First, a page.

It was four years between Volumes One and Two in Scott Michael’s excellent series but it’s been only a few months between Volume Two and the release of Volume 3. Obviously the four years since Volume One have been well spent. This volume continues the high standards that Scott set for excellence in identification photos and expert text and the publisher, Microcosm, again shows the commitment to production values that have made this series beautiful as well as valuable for serious aquarists.
Reef Fishes: A Guide To Their Identification, Behavior, And Captive Care Volume 3: Angelfishes And Butterflyfishes, Plus Nine More Aquarium Fish Families With Expert Captive Care Advice For The Marine Aquarist by Scott W. Michael
Microcosm Ltd., 823 Ferry Road, P.O. Box 550, Charlotte, VT 05482, TEL. (802) 425-5700, Fax (802) 425-3700, E-mail: http://www.tfh.com/, Web Site: http://www.microcosm-books.com/ISBN 1-890087-69-6, UPC 6-81290-08769-0
Like Volume Two, this one does not include the important general information on coral reef ecosystems, reef fish diversity and adaptive strategies, predator-prey relations, and mating and social behavior that he presented in his first volume. There are a few introductory pages on anatomy of bony reef fishes and a map of the world’s major coral reefs but to experience the full value of the author’s expertise it will be necessary to acquire that first book.
The new volume, like the previous ones, generously shares the author’s years of experience with these species both in the wild and in captive aquarium systems. He provides detailed information on feeding, social behavior and compatibility, captive care and superb identification photographs.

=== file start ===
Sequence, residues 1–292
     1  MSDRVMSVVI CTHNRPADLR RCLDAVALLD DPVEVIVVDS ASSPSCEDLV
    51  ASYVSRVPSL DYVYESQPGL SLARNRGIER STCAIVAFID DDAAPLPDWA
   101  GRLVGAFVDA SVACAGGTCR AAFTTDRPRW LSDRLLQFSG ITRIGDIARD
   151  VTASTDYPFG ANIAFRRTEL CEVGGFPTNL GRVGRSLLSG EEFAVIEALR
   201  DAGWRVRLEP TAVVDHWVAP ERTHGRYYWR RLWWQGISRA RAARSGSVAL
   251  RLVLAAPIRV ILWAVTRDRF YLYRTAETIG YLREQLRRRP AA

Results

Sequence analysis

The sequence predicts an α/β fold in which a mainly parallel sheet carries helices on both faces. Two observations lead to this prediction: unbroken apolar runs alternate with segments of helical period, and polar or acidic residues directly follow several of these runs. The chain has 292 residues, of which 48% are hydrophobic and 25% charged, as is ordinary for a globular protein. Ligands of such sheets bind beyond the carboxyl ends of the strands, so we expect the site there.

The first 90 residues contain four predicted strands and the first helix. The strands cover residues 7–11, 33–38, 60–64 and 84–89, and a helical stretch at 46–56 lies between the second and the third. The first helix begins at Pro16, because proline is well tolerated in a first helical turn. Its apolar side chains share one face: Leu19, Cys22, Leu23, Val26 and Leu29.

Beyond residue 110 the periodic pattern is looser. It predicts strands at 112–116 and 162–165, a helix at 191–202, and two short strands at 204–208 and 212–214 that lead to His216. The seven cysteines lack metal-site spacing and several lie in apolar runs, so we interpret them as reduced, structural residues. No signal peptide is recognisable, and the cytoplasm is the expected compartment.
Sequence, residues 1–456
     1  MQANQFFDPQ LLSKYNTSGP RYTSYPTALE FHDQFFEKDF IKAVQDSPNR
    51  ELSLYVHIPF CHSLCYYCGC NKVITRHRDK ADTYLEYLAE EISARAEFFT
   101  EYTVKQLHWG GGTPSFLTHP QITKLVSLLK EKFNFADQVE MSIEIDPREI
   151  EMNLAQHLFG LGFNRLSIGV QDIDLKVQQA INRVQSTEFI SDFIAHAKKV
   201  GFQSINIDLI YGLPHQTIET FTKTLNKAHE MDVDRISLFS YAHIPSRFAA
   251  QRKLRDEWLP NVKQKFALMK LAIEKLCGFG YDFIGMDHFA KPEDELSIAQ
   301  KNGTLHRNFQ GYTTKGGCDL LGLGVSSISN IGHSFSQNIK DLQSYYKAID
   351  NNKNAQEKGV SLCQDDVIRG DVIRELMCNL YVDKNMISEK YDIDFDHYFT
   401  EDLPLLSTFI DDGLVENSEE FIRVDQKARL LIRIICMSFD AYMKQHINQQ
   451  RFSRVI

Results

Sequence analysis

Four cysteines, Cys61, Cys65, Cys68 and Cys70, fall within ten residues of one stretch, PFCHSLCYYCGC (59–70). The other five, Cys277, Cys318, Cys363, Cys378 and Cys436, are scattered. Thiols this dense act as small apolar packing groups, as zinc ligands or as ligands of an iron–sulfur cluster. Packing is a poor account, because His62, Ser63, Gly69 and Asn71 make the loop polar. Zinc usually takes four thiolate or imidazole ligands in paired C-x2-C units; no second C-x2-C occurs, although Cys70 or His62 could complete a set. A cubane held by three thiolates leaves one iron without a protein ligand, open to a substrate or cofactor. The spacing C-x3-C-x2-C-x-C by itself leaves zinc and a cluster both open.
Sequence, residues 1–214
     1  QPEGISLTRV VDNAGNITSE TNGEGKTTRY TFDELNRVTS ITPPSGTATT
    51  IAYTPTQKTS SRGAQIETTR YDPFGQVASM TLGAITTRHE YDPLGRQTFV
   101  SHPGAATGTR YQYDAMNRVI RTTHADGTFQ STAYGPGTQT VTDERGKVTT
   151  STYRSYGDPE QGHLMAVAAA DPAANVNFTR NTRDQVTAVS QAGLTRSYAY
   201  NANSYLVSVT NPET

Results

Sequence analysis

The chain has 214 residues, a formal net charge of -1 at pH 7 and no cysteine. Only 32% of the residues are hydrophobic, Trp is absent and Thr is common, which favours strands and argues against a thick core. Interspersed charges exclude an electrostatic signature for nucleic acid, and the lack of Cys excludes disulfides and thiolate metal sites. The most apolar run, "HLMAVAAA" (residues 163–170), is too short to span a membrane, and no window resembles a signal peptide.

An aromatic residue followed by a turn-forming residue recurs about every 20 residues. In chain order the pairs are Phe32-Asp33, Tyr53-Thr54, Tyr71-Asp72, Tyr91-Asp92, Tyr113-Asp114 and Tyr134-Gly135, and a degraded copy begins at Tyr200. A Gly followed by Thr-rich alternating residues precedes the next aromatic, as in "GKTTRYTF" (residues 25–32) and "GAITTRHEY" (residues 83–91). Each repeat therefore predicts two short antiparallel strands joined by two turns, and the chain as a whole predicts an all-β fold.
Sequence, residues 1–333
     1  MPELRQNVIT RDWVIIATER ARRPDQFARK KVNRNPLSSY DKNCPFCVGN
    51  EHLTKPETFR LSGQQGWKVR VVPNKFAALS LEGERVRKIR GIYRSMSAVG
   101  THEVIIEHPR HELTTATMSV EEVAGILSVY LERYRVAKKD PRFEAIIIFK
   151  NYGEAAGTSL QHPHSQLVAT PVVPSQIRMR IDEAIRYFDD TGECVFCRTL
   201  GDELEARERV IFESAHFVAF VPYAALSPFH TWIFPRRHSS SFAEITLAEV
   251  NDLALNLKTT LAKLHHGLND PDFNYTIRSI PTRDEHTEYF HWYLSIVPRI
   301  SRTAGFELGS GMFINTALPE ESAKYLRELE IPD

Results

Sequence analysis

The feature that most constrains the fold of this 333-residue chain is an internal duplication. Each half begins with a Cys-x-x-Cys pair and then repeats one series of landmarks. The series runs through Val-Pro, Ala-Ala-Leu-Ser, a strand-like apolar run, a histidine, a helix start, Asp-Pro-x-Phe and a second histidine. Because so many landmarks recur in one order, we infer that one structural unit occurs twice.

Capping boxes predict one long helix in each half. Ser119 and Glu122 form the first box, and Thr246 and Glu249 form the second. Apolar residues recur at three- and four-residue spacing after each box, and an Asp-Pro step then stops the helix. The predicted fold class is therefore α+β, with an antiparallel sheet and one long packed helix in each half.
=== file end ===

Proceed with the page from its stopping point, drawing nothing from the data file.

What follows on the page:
Volume 3, like Volume 2, opens with “The Fishes,” which gives the general plan of the volume. As in the previous volumes, Michael gives the scientific name and one or more common names; the informal name most frequently used by ichthyologists as well that used by most hobbyists. He follows with the maximum length attained by the species and its range. This is followed by a description of its biology, including habitat, depth, food and feeding patterns, reproduction and social organization and special relations with other species. He provides captive care and husbandry information, along with suitability for the invertebrate aquarium and any captive breeding information available. He follows with minimum suitable aquarium size and the temperature range required by the species. His Aquarium Suitability Index, with scores from 1, indicating those species which are “almost impossible to keep,” to 5, for those species which are “very hardy with almost all individuals readily acclimatingto aquarium confines” is of critical importance for those contemplating adding specimens to their aquaria. This index is being used by other references and may well provide standards by those interested in reducing the trade in the “almost impossible to keep” category. All in all, Scott Michael’s extensive personal experience, combined with his coverage of the relevant scientific literature make these volumes the most important comprehensive works available on marine fishes. This series will be of interest not only to aquarium hobbyists but to aquarium professionals as well – indeed to all those interested in the lives of reef fishes.
Although the highly prized Angelfishes and the tempting Butterfly fishes are those in the title, there are number of groups discussed before these are covered in the text.